Coordinate clues aren’t a challenge anymore. I’ve been through so many of them that I nearly know where everything is now. 25, 03 north, 16- ah, agility arena in the wilderness. 19 north, 12 east- yup, Trollheim. Because of the wilderness update, I no longer have to fear the savage PKer; the ambitious clan; the unavoidable death and loss of all that progress when I enter the cruel abyss. But now, a half-inventory of shark and a spirit terrorbird by my side guarantees escape from anything the wilderness can dish out to me. Zamorak mages are easily taken on with Saradomin’s Protection of Magic, and with the casket finally in hand, a mad break to Edgeville and the revelation of my long deserved reward. How can anything be more thrilling?
When coordinate clues don’t take me to the wilderness, they take me to some obscure location hidden in inaccessibility and shadows. Then they unleash my own brethren, a Saradomin mage, against me to challenge for the reward. Where do these magi even come from, and why do they shun Saradomin’s own in his name? Either way, like fighting Zamorak magi, protect from magic is a must. However, Saradomin magi also wield poisoned dragon daggers (thankfully, they don’t use the special), so some heavy armor and a good weapon is a must. Usually I ignore the poison, because the fight only lasts enough to lose less than 18 health from it, so grab the casket, teleport to your house, and let the poison die off there.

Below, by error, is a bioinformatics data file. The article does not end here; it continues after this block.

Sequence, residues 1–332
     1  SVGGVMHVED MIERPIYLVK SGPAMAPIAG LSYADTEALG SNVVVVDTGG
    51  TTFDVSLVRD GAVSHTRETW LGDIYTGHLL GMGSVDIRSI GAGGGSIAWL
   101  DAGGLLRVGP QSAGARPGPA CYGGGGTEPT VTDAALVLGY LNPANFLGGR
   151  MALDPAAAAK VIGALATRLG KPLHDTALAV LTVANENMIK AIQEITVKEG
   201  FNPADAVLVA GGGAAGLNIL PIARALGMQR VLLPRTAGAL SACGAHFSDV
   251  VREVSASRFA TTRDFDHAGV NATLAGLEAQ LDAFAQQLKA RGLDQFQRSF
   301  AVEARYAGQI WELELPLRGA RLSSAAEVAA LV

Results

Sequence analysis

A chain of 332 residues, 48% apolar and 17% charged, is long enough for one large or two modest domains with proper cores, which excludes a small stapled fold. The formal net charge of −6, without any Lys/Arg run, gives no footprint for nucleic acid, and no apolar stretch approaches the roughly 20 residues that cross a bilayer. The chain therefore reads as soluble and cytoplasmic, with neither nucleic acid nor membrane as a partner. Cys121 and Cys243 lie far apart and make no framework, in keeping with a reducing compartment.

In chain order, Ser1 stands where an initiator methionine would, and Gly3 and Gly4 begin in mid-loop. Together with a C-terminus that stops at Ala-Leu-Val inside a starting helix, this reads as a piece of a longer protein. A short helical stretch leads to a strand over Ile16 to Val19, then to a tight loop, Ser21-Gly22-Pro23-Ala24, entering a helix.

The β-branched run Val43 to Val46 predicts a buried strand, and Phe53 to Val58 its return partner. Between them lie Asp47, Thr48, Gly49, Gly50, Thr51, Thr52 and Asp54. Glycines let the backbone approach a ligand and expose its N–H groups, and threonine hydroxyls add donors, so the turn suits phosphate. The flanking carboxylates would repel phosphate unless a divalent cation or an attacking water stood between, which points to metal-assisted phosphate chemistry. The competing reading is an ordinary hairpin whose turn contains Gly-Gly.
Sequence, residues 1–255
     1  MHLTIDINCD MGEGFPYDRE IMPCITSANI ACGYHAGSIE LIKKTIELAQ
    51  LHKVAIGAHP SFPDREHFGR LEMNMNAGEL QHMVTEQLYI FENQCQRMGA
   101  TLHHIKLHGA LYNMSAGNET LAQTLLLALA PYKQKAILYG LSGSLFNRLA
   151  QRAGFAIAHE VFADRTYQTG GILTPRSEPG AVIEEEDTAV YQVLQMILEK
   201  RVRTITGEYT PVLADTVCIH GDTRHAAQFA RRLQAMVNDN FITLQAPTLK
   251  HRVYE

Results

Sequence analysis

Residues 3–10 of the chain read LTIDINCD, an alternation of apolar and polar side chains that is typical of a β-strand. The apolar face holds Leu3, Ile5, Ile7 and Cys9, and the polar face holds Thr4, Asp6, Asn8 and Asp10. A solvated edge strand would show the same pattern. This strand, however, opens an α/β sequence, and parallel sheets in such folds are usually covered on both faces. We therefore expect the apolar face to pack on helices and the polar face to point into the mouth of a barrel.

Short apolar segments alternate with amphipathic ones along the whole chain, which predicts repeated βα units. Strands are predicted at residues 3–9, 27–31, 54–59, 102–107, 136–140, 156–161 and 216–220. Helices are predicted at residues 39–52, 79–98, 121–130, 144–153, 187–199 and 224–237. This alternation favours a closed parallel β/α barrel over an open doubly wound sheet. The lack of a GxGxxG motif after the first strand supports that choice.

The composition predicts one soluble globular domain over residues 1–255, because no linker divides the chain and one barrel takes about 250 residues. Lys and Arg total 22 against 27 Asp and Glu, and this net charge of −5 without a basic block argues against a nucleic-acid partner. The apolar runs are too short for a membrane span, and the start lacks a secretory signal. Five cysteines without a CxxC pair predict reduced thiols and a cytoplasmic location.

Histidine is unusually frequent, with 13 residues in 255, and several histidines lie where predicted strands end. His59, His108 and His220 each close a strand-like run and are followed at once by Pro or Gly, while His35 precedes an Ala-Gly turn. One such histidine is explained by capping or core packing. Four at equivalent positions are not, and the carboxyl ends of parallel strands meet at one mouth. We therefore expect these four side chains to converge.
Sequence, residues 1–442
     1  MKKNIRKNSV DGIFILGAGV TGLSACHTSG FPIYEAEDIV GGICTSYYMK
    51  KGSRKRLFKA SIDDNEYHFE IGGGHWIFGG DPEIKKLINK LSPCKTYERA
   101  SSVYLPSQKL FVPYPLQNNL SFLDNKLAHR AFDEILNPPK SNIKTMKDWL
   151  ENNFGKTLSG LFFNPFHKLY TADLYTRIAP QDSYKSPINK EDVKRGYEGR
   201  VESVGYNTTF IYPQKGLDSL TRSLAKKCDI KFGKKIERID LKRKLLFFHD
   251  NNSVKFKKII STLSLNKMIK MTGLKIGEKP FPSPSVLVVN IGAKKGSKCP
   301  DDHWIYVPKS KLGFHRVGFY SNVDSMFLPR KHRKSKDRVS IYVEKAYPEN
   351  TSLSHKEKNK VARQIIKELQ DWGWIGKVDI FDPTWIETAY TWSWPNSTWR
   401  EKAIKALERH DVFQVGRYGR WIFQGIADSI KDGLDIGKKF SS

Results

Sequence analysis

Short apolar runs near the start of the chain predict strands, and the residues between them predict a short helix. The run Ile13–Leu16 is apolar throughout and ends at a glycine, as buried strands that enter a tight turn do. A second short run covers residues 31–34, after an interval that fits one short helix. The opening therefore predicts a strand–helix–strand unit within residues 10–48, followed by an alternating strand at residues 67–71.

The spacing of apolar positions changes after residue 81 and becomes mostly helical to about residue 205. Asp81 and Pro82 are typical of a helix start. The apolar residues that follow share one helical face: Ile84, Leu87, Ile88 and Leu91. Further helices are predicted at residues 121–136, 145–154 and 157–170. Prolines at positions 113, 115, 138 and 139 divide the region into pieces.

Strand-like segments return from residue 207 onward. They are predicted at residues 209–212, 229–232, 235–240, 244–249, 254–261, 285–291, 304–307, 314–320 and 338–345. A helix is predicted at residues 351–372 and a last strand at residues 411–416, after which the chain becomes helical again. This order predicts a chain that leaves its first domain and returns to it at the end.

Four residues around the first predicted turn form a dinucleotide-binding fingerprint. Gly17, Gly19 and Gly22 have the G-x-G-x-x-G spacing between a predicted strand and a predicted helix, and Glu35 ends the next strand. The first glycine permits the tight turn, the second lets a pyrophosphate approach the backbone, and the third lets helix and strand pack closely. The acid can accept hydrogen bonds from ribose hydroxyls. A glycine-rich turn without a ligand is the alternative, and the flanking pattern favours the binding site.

Lastly, the puzzle box. Anagram and riddle clues lead you to NPCs, who in turn hand over a 5×5 puzzle box to complete. Like many puzzles like rubric’s cube, juggling, minesweeper, and sudoku, you learn all the tricks the more you do them blindly. It comes almost instinctively, and with practice and repetition, you infuse them into your mind and turn them into a work of art. Not everybody does this or even knows that they can do such a thing, so by learning these puzzles, you can do something others can’t, and therefore feel (however small) a sense of pride. I can do them! I can do them quickly, effortlessly, and while humming a catchy tune to myself. How many out there can too?
The rest are hardly even worth mentioning. World map locations – memorized. Challenge scrolls – easy. No need to worry about them until Jagex comes out with some new ones; although I do wish they’d start incorporating the more annoying dungeons in some like the Underground Pass, Miscellania’s slayer cave, and Keldagrim a bit more, just for the aim of adventure.
Finally, the reward. After completing 4-6 rounds of problem solving, traversing, and teleportation, I am given an array of free gifts supposedly buried and lost for thousands of years. I no longer expect or hope for something rare, like Third Age and Robin Hood Hats, but instead just accept that it’ll be a poor drop. This way, I’m never disappointed, for when it is a poor drop, I’ve expected it and am willing to accept it. However, in the occasion I do get something worthwhile, it comes as a pleasant surprise. It’s something I’ve adapted to over the course of performing so many treasure trails.
That’s all that can be said. One can’t be taught to enjoy the art of treasure hunting, so grab a clue scroll and have at it!